photographs by Musa N. Nxumalo
Photographer Musa N. Nxumalo explores issues of youth culture and identity in his native South Africa through documentation of the world he inhabits. We met Musa through his collaboration with Yodit Eklund and her African streetwear brand, Bantu Wax. She admired his work in the way that it expressed the same spirit, the same cultural values she tries to communicate in all of the projects Bantu works on.
We pulled together this portfolio of Musa’s work both in the townships of Johannesburg and with the gang from Bantu Wax in Cape Town, showcasing his umbrella theme, Anthology of Youth. Here, Musa speaks of his experiences with photography, trying to capture authentic youth culture, and the value of patience. In the end, we have to agree, purchased experiences don’t count.
“I’m like one of those guys from the hood who really hated school. I am more into being creative and I’ve always been interested in the arts. For me, after school, there were two options. It was either going to be photography or it was going to be music, so when I picked up a camera for the first time, in 2006, and I think once I enrolled in the master class and I got to see how the camera works, how the camera functions, I couldn’t see myself doing anything else other than taking photographs.
Usually I shoot at night and so I do a lot of club hopping so that I can find whatever it is that I am looking for at the time. And so I photograph on this point and shoot film camera, and the reason for that is shooting on a point and shoot, which is analog, people don’t take you that seriously. So every time I come with a big digital camera like a 7D with better grips and on-camera flashes and such, and then they start getting…not intimidated, but they notice you a lot, and then you get the irritating stuff where people pose.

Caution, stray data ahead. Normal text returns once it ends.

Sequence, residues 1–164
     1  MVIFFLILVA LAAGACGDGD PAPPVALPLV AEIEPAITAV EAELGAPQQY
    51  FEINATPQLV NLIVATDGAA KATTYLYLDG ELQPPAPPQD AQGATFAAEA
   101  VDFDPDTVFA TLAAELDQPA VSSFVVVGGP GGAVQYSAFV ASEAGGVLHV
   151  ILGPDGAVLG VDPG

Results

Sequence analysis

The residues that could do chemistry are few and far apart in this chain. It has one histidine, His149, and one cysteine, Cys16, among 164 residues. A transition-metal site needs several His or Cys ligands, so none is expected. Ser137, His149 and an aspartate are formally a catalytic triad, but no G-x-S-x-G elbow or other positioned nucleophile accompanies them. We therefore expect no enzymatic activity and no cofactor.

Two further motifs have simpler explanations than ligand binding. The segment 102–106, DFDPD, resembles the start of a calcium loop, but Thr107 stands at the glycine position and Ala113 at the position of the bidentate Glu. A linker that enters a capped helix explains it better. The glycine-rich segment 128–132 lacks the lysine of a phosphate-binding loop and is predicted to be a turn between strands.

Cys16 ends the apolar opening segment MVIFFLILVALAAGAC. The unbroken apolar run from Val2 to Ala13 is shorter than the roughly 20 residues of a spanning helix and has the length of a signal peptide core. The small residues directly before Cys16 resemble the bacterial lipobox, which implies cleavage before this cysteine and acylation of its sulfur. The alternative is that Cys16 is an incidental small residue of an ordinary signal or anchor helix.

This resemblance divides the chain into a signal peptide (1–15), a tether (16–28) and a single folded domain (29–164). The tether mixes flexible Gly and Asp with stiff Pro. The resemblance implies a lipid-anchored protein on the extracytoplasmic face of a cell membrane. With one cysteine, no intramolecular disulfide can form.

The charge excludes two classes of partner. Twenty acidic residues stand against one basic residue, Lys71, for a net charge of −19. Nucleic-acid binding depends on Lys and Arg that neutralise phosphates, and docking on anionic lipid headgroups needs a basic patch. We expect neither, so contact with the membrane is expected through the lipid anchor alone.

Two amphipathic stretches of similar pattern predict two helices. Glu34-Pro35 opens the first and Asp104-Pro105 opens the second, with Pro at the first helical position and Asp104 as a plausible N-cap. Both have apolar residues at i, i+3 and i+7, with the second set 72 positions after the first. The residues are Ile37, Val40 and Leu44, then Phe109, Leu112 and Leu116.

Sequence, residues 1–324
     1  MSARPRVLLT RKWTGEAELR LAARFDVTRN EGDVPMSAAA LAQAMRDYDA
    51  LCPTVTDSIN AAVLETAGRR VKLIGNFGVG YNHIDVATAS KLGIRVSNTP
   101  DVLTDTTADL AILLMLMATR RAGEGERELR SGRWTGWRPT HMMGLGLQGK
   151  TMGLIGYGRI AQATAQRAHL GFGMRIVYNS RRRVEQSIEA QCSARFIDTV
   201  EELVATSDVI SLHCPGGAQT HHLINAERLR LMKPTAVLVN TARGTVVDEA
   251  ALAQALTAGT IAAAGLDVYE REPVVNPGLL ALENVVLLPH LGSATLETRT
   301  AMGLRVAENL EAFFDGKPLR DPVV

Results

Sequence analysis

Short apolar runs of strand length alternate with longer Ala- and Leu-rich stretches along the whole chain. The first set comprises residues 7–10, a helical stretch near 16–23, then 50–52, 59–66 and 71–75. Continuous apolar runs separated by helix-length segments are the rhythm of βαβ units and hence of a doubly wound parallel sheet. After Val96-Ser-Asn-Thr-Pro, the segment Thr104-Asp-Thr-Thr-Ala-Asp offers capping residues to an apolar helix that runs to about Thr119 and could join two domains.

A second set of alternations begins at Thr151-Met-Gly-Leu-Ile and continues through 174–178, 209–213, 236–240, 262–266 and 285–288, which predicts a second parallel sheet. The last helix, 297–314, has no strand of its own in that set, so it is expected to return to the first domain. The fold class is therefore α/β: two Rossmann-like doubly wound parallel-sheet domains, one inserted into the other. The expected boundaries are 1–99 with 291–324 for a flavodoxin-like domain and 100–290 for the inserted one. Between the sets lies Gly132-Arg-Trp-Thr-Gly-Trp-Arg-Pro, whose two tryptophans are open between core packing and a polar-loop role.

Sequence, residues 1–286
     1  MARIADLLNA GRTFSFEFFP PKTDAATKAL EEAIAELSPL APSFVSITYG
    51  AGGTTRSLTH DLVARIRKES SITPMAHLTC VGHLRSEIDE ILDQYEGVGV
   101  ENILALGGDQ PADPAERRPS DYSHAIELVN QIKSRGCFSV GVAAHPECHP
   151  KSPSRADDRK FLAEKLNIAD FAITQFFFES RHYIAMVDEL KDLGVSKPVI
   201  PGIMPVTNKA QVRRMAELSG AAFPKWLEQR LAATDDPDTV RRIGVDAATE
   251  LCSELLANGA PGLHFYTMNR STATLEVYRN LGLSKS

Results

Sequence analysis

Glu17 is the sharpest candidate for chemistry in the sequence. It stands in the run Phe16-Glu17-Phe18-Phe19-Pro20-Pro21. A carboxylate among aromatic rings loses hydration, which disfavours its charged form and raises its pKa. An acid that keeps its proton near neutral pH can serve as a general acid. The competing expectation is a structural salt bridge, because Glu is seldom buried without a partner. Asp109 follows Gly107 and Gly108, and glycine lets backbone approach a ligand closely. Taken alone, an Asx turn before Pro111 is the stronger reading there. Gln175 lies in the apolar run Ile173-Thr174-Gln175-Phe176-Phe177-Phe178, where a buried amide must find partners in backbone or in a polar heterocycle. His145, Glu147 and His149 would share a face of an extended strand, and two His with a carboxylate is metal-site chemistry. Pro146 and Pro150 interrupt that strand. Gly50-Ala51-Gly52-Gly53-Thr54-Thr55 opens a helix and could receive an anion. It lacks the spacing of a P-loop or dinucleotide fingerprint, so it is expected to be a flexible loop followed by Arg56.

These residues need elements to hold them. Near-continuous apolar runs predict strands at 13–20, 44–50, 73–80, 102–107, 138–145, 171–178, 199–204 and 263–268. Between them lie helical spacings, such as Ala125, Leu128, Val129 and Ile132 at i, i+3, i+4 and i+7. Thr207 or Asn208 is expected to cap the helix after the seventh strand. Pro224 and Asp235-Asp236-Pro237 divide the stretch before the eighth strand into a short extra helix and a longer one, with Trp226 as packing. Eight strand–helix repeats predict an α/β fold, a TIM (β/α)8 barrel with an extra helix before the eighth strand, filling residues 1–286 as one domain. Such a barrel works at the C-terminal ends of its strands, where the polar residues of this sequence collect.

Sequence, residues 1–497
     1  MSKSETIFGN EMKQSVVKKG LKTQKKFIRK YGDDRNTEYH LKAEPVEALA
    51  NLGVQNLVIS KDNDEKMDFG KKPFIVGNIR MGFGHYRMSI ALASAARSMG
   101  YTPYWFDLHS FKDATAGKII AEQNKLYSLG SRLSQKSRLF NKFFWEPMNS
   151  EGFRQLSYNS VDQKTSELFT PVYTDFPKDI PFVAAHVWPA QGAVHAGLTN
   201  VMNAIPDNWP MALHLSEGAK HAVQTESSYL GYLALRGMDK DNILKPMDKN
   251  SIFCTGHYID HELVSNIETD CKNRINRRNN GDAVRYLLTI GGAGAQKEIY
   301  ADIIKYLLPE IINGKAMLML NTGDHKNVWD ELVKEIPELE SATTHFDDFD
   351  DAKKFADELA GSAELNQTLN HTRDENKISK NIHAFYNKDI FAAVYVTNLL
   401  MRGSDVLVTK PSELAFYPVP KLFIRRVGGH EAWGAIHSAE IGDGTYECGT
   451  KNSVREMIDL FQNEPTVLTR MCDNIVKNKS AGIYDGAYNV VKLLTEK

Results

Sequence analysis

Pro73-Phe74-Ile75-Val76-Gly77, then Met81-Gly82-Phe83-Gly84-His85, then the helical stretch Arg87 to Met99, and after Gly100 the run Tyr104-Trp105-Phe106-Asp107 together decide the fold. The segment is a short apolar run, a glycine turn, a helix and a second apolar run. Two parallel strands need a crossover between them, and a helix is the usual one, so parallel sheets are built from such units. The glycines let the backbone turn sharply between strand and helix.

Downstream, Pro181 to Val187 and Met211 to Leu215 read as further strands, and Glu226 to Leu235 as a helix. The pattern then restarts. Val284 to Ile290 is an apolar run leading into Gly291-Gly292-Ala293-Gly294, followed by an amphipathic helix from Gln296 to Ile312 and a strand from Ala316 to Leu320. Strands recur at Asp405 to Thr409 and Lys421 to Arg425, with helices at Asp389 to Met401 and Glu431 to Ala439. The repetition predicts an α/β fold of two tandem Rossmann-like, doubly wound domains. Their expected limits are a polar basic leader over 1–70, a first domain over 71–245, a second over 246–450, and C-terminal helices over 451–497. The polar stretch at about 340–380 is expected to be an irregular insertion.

So I find that when I work with the point and shoot they don’t care about me and they continue doing what they do. I work with analog and digital for those reasons. That’s the first reason. The second reason is that I really enjoy the images. You notice that my images are almost like grainy. They have that grainy feel. So for fill-ins because of that, and when I shoot in digital I push up my ISO to 400 or 600 just to get a little bit of that grain and get that consistency in all of my images and then you don’t see if it’s analog or digital.
For me, it goes back to this idea of waiting. Before digital cameras, if you think of large format and everything, the photographer had to be patient, they had either one frame or two frames, so they had to be patient and wait and look. With the conversion to digital cameras, people are in a hurry. Also how people interact with digital cameras is very quick. People create pictures that they can put on Instagram and maybe show off their lifestyle, or create a lifestyle, you know, which is neither good nor bad.